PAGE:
Keleigh, Berkeleigh and I returned late Tuesday night from a week’s vacation in Mexico. Our trip was planned well before my recent illness and surgery. We had considered cancelling -- I always buy trip insurance -- but my surgeon said there was no reason to cancel and in fact, swimming in the Caribbean would be good for my recovery and for the healing of the surgical incision.
I do lots of research before travelling to any destination and I spent a good deal of time on the Tripadvisor.com discussion boards for the Yucatan Peninsula, the area of Mexico to which we travelled. The amount of fear and misinformation floating around is just extraordinary. People are told that travel to anywhere in Mexico is extremely dangerous; or that it’s OK to go there as long as you don’t leave your resort (the resorts are gated and have their own security). People are advised not to rent a car because the roads are terrible, the police will stop you and demand bribes, and the rental car companies will cheat you.
While there is a lot of violence in Mexico, most of it is fighting between rival drug-smuggling gangs and takes place in areas near the US-Mexico border, over 2000 miles away from where we were. Advising someone to avoid all of Mexico because of violence in Juarez is like advising someone to avoid all of the United States because of violence in Chicago. Playa del Carmen and the rest of the Riviera Maya is incredibly safe, certainly much safer than most US urban areas. We rented a car and explored up and down the Caribbean coast, went shopping in Mexican department stores like Chedraui and Soriana, and even had dinner at the home of a worker at our resort whom we befriended. All of this was aided by the fact that I still remember much of my high school and college Spanish, but I am sure we would have had just as much fun and just as enlightening experience even if I didn’t.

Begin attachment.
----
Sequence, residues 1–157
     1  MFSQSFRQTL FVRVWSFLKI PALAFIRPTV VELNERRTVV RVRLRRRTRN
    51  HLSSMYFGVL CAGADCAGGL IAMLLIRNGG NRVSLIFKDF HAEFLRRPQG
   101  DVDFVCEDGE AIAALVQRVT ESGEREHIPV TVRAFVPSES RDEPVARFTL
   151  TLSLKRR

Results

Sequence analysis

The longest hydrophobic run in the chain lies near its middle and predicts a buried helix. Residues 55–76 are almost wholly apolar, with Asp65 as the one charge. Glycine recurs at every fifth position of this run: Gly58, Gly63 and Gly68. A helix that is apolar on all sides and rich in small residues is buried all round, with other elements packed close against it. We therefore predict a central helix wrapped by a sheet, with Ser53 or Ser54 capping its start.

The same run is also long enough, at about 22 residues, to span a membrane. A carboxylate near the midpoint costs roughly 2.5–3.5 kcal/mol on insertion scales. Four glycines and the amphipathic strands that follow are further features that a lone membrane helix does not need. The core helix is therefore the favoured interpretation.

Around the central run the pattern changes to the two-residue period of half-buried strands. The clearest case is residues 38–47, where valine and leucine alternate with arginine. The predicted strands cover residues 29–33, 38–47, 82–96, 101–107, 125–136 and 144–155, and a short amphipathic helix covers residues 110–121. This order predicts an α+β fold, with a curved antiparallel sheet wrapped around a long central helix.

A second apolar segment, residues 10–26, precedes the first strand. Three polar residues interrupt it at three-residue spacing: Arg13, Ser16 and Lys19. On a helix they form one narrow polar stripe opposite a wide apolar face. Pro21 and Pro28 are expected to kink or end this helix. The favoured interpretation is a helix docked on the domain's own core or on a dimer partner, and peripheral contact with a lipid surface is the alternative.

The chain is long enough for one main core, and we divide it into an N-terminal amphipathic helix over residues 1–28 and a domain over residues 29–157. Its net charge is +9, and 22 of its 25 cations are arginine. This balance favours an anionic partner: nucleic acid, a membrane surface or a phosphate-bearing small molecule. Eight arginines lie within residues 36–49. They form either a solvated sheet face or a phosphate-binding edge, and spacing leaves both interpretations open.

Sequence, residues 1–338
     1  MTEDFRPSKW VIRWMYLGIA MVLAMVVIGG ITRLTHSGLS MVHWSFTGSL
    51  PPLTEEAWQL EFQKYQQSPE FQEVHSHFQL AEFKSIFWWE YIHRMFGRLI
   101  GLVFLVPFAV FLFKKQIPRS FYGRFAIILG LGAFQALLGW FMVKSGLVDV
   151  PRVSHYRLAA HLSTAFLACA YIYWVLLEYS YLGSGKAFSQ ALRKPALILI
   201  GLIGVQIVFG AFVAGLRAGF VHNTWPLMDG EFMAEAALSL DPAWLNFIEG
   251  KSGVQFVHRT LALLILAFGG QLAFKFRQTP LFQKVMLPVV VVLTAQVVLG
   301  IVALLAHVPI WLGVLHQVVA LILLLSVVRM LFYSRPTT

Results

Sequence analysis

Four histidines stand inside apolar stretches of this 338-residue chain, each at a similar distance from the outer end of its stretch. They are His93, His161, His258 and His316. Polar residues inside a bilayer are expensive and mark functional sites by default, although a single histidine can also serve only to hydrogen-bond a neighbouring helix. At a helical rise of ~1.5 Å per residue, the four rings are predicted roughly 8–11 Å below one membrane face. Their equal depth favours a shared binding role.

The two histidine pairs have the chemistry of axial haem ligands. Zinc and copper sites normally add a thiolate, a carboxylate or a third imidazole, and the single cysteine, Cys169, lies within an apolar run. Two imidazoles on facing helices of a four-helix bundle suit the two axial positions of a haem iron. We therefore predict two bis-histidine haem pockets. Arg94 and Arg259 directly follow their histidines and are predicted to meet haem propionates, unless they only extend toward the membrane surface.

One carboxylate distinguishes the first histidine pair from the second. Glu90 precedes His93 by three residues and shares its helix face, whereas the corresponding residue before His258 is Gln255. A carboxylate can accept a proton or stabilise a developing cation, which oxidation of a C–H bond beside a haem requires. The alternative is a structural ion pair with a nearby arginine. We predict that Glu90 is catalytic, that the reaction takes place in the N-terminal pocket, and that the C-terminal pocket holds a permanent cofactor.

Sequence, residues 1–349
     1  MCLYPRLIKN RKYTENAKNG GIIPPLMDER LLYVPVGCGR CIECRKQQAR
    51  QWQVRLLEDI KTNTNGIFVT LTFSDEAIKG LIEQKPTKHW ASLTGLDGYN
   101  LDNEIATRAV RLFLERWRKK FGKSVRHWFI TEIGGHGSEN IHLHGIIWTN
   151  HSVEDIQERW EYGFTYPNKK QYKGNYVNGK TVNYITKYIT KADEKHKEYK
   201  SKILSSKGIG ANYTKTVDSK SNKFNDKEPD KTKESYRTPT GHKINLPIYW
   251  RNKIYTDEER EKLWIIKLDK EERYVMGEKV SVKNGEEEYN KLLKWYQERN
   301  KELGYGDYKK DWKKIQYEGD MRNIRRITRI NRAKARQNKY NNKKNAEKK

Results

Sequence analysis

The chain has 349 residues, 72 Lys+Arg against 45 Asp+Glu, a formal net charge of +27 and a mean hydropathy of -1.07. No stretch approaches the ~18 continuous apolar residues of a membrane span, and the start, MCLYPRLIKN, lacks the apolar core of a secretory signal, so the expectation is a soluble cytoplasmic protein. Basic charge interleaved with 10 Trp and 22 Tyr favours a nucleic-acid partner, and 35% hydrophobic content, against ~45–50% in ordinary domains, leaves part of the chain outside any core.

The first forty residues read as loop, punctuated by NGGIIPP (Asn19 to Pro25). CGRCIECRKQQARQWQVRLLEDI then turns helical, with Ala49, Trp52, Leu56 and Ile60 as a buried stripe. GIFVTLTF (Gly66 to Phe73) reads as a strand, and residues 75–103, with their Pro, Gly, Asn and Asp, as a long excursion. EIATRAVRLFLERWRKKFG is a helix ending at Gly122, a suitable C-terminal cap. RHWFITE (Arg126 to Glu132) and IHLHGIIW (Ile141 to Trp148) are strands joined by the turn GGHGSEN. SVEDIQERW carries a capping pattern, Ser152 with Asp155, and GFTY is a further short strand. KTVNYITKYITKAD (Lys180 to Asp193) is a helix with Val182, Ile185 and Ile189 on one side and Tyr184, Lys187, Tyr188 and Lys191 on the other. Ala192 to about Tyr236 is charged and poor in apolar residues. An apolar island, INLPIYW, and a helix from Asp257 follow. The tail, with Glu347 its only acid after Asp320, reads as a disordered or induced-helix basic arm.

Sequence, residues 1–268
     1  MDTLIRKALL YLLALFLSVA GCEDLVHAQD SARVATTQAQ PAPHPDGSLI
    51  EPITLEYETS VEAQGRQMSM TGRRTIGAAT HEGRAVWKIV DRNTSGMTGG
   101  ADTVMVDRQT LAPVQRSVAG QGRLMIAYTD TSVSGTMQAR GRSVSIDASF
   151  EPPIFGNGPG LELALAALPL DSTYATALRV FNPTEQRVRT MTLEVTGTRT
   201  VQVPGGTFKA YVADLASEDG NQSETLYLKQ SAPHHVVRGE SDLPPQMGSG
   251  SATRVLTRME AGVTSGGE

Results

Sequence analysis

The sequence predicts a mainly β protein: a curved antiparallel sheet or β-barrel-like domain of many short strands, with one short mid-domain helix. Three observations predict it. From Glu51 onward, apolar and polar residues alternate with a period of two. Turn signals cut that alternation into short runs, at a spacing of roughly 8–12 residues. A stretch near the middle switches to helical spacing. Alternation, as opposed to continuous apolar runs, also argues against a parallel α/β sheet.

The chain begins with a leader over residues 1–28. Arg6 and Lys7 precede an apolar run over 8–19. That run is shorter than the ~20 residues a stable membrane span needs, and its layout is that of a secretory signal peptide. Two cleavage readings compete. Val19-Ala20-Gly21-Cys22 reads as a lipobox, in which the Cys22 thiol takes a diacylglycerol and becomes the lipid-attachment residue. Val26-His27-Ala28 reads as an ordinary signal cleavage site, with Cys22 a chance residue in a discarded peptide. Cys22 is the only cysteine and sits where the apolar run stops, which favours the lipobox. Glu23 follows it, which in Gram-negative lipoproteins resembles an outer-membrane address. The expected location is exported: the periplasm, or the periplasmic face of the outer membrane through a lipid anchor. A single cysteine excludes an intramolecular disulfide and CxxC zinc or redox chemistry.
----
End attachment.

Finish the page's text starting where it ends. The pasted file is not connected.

The point of all this is to say that one is generally better off making decisions from a basis of actual knowledge rather than fear or misinformation. Over the next 60 days the US Congress will be called upon to affirm or reject the recent agreement between Iran and the six major world powers. It doesn’t surprise me, but it does disappoint me, that so many organizations had reached a position either for or against the agreement even before the ink was dry.
There is really no reason for you to look to your rabbi for advice about a nuclear weapons treaty, as I have no particular expertise in this area (it was not covered in the rabbinical school curriculum in the early 1980s when I was in school). I will tell you that at first glance the fact that the Iranians will receive notice before inspectors visit their facilities raises some serious concerns -- as one CNN commentator put it, “how many violations would the Health Department find if they had to give restaurants advance notice of inspections?” But other articles I’ve read point out that nuclear facilities are not like restaurant kitchens and if something is happening which isn’t supposed to happen, the evidence can’t be just hidden in a few hours or days.
Most of the smartest commentary from folks like Jeffrey Goldberg, Aaron David Miller, and Robert Satloff has been ambivalent. Is the deal a disaster? No. Is it perfect? No. Will failure to ratify it lead inevitably to war? No. Is it better than no deal at all? Maybe.
My plea and my prayer as you consider your own position, and as you consider your communications with Sens. Cardin and Mikulski and Rep. Delaney, is that you read as much as you can from knowledgeable and reputable sources. And that we all keep our eye on the prize -- no one on either side of the debate wants to see Iran get a nuclear weapon. Those with whom you disagree want the same thing as you, they just differ with you on the best way to achieve it. Let’s keep the discussion civil in the days and weeks ahead.